There is nothing in life that we experience more intensely than the loss of a loved one. It is a time of intense and sometimes confusing thoughts and feelings.
You’ve probably heard it said that no two people grieve the same way. That is true. Grief is a very individual experience. Personal values, spiritual beliefs, cultural influences and family traditions are different. Even people in the same family will grieve differently.
The process of grieving, however, tends to follow a pattern of stages. Within those stages, you will experience lots of different emotions that will sometimes be hard to face. Understanding this process can help you to understand and make sense of the thoughts and feelings you might experience.
The Stages of Grief
There are five significant stages of grief(1). Each of these stages represents a step in the process of grieving and moving forward from loss.
- Denial – The “This can’t be happening” stage. The person refuses to accept that the loss has happened.
- Anger – The “Why is this happening” stage.The person feels angry that the loss has occurred and blame themselves or others.
- Bargaining – The “Let’s make a deal” stage. The person seeks a way to avoid the inevitable loss by attempting to delay or change something. This stage represents a desperate expression of hope that the situation is still reversible.
- Depression – This is the “It’s hopeless” stage. The reality of the loss is beginning to set in. Feelings of intense sadness, hopelessness and helplessness emerge. This stage is sometimes described as the most difficult. It is also the most important because the person is recognizing the loss as real.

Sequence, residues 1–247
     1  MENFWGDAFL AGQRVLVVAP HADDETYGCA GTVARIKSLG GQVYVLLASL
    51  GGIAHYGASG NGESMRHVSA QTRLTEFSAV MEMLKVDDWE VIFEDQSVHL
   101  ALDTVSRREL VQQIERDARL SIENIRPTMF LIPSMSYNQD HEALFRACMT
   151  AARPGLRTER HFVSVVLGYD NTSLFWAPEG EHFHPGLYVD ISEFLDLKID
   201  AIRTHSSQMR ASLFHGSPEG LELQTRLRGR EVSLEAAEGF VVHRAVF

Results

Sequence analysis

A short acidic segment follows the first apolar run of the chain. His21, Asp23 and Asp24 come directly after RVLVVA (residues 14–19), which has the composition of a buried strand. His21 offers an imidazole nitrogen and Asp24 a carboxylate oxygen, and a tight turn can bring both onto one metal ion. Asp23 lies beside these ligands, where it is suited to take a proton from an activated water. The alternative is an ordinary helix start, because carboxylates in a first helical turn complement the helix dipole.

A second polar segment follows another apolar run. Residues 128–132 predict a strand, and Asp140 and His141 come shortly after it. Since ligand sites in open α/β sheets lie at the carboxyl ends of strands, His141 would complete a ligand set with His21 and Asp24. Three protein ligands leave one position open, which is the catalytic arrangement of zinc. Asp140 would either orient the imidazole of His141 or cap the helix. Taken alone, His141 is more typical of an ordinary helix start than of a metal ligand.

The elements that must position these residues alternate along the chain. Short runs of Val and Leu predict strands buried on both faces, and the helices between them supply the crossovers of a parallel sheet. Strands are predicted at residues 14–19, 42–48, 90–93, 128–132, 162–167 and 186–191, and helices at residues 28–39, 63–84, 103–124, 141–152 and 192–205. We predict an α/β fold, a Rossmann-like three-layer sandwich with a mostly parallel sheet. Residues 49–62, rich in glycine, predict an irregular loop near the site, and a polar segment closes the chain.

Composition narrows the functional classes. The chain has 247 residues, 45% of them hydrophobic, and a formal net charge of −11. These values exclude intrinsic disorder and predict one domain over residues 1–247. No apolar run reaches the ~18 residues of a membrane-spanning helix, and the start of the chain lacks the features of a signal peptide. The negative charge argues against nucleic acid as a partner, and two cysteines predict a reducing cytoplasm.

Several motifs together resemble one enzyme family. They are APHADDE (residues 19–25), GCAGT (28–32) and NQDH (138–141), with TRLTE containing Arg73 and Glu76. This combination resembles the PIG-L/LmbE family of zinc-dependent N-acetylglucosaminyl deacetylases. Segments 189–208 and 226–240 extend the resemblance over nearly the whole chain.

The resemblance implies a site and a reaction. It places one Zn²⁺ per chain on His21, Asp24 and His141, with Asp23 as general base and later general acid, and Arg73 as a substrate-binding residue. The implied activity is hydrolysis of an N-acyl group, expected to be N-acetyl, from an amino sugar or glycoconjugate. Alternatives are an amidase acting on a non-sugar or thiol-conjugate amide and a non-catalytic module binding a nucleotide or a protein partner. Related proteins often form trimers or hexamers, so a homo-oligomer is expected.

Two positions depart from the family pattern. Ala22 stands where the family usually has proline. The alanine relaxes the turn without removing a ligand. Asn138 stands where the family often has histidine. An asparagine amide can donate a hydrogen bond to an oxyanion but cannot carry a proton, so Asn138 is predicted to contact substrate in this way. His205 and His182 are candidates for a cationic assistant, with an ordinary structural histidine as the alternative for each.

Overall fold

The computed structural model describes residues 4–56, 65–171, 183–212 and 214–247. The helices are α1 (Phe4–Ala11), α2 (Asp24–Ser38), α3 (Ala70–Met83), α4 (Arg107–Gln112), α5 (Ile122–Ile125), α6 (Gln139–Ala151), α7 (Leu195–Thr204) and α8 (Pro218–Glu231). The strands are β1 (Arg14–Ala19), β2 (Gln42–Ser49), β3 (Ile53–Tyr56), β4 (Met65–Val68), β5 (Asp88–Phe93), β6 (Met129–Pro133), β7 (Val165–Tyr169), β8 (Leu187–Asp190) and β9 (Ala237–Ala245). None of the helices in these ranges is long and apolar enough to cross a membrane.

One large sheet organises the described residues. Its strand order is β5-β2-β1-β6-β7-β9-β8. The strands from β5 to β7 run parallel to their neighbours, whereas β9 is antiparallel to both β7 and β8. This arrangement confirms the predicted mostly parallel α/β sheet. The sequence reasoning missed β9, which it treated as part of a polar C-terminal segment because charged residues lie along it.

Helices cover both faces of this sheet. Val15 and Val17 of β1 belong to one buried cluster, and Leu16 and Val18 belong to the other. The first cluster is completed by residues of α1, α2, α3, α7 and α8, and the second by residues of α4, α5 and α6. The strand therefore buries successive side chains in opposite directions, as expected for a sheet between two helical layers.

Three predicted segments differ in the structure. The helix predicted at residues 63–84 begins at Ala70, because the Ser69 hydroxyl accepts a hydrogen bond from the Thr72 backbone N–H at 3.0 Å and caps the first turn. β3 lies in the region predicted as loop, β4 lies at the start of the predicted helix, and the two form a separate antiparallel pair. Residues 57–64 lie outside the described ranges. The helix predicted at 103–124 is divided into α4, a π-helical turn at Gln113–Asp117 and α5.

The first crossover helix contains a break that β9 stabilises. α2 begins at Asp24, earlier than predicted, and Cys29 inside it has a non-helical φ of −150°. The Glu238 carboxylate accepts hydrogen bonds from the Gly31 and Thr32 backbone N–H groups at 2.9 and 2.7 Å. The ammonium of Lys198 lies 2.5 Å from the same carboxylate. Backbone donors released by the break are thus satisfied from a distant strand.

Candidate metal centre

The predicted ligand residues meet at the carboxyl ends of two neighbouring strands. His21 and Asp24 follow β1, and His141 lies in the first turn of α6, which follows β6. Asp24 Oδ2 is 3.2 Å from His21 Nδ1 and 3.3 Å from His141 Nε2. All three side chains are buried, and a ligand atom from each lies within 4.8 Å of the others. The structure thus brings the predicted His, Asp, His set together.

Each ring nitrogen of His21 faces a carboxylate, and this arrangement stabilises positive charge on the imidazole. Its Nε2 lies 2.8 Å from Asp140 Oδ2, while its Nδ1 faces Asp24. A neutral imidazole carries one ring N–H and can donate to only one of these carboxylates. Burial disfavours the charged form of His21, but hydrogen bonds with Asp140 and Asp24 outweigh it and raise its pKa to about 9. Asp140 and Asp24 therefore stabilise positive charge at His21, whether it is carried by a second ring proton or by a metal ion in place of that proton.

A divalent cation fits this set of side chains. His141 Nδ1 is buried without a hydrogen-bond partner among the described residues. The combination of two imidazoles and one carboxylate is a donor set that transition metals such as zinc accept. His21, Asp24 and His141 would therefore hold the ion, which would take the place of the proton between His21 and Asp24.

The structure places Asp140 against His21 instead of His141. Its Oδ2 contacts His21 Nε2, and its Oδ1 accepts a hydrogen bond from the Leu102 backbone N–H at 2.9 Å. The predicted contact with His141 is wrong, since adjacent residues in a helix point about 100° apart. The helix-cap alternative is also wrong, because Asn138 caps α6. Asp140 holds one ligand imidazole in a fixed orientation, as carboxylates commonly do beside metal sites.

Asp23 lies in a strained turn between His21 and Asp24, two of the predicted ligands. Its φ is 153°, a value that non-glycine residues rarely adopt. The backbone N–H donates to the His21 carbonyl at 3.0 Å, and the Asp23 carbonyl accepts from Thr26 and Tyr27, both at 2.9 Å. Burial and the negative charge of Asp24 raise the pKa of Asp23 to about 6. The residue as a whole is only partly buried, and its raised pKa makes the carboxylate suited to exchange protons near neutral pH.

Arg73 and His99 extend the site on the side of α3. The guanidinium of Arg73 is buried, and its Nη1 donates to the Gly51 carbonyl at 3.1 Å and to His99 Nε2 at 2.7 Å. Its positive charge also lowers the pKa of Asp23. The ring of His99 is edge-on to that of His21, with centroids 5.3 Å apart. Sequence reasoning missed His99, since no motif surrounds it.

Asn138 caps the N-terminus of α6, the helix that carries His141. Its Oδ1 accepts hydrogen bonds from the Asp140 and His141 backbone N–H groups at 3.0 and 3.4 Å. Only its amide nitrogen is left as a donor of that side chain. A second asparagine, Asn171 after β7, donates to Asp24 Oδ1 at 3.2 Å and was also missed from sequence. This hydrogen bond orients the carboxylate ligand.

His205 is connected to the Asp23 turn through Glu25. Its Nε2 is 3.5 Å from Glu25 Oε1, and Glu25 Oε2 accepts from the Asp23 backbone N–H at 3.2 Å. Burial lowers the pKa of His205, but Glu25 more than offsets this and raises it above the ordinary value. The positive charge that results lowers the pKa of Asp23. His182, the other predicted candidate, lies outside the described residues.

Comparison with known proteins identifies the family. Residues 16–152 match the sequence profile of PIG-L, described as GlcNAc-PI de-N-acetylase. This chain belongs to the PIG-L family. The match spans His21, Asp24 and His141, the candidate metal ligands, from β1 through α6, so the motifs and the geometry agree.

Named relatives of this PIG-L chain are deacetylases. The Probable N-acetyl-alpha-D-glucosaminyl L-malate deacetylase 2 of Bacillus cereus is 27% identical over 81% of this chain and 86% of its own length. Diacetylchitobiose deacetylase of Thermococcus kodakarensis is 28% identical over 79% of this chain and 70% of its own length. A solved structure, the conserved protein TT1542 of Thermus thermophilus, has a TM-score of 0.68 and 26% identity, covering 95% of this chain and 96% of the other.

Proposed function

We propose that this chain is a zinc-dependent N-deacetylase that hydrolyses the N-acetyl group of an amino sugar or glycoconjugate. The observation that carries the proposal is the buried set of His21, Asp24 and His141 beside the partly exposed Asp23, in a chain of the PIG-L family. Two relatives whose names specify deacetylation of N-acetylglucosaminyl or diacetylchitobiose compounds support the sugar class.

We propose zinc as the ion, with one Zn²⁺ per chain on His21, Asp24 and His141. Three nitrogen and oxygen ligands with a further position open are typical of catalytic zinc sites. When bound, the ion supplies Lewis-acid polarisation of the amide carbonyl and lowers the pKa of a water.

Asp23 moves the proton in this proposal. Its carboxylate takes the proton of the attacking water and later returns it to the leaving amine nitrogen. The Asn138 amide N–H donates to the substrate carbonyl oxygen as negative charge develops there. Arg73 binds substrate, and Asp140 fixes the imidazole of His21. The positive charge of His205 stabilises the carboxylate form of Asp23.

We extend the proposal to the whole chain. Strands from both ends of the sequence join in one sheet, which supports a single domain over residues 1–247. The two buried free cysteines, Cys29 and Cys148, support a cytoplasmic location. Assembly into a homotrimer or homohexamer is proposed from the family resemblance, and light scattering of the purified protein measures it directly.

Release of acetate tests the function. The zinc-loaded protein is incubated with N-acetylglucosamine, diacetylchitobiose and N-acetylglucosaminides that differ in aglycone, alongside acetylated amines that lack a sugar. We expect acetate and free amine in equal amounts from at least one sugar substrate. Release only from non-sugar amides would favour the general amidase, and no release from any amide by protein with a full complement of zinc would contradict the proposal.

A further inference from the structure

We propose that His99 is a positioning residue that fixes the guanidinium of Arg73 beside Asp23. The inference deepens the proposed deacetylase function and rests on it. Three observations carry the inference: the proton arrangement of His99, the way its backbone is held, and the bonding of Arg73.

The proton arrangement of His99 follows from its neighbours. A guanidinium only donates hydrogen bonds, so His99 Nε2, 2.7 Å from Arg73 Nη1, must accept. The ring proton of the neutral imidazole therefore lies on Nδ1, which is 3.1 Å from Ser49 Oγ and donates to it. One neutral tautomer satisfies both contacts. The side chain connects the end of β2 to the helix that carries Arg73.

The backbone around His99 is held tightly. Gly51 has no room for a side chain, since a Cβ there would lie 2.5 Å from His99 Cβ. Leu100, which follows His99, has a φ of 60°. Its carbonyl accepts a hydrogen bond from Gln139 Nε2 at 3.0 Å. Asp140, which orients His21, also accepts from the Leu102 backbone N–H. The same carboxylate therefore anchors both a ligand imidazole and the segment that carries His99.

- Acceptance – This is the “I can go on” stage. This is the place where the reality of the situation is acknowledged and the focus becomes on moving forward. The person understands the loss, accepts the loss and is coping with their feelings in healthy ways.
So much about grief is personal and unique to the individual. A person grieving doesn’t always go through these stages one right after the other. The grieving process may start at any one of these places. There is also no set timeframe for this process. We all grieve in our own time. For everyone, the goal is acceptance and a return to healthy coping.
Understanding the process of grieving can help you understand where you are in the process and the thoughts and feelings you are experiencing.
When Grief Counseling Can Help
Grieving can be difficult and painful. Sometimes, no matter how hard you try to cope, you just can’t seem to move forward. You aren’t alone. The counselors at Athens Grief Counseling can help.
At Athens Grief Counseling, we have experienced counselors who can help you or your loved one find healthy ways to cope with your grief and get you on the path to healing. Call us today to schedule your confidential appointment.
1. Kübler-Ross, E. (1997). On death and dying: What the dying have to teach doctors, nurses, clergy, and their families. New York, NY: Simon & Schuster/Touchstone Book.